While warning West, Russian president orders partial military mobilization
Russian President Vladimir Putin declared a partial military mobilization in the country during a delayed televised address on Wednesday.
The mobilization is Russia's first since World War II, as Putin warned the West that if it continued what he called its "nuclear blackmail" that Moscow would respond with the might of all its vast arsenal.
The move came after Russia's troops have taken weeks of major battlefield losses in Ukraine and as Kyiv presses onward with the fight in the northeast.
Putin justified the decision by describing fierce battles for the Donbas region of eastern Ukraine and claiming that the West was pushing Ukraine to attack Russian territory.
"In Washington, London and Brussels, they are directly pushing Kyiv to shift the military action to our territory … they talk about how all available means should be used to destroy Russia on the battlefield with the ensuing loss of political, economic, cultural and all types of sovereignty and the total plundering of our country," Putin said.
"If the territorial integrity of our country is threatened, we will use all available means to protect our people－this is not a bluff," Putin said, adding that "mobilization measures will begin today, Sept 21".
In the prerecorded video address, Putin added: "Only those citizens currently in the reserve will be subject to a call-up for military service, first and foremost those who have served in the ranks of the armed forces."
He said the partial military mobilization of its 2-million-strong military reserves was to defend Russia and its territories, stating the West did not want peace in Ukraine.
The address had been scheduled to air on national television on Tuesday, but was delayed to Wednesday morning, with no reason given.
Chinese Foreign Ministry spokesman Wang Wenbin said at a regular press conference on Wednesday that China's position on the Ukraine issue is consistent.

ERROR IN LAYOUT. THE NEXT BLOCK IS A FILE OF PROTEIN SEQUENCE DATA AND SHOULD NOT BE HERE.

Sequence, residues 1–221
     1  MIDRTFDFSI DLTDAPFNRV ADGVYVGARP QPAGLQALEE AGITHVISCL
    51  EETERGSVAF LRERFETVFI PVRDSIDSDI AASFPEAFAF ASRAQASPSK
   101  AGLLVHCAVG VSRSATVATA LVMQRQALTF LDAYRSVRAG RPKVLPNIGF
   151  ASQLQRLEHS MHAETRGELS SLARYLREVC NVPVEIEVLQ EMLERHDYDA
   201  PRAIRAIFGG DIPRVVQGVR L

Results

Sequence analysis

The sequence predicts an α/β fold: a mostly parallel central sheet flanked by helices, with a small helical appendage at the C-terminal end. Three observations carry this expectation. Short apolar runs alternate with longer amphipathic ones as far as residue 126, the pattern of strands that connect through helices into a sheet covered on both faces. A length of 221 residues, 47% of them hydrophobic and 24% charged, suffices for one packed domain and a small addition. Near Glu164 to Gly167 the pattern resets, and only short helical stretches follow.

All countries' sovereignty and territorial integrity should be respected, the purposes and principles of the UN Charter should be jointly upheld, and the legitimate security concerns of any country should be respected, Wang said.
In a televised address minutes after Putin had finished speaking, Russian Defense Minister Sergey Shoigu said that 300,000 Russian reservists will be called up for service as part of the "partial" mobilization.
He said Russia now holds about 60 percent of Donetsk and had captured nearly all of Lugansk by July after slow advances during months of intense fighting.
Those gains are now under threat after Russian forces were driven from neighboring Kharkiv Province this month, losing control of their main supply lines for much of the Donetsk and Lugansk front lines.
A decree on mobilization subsequently published on the Kremlin's website stated that mobilized soldiers' contracts will not expire "until the end of the partial mobilization," with only age, health and imprisonment listed as possible exceptions for call-up.
Ahead of Putin's speech on Tuesday, leaders in eastern areas of four Ukrainian regions announced plans to hold referendums on joining Russia in the coming days.
Putin restated his aim was to "liberate" eastern Ukraine's Donbas industrial heartland and that most people in the region did not want to return to what he called the "yoke "of Ukraine.
Earlier on Tuesday, Moscow Mayor Sergey Sobyanin announced on social media that the capital will open a military recruitment center for foreign citizens.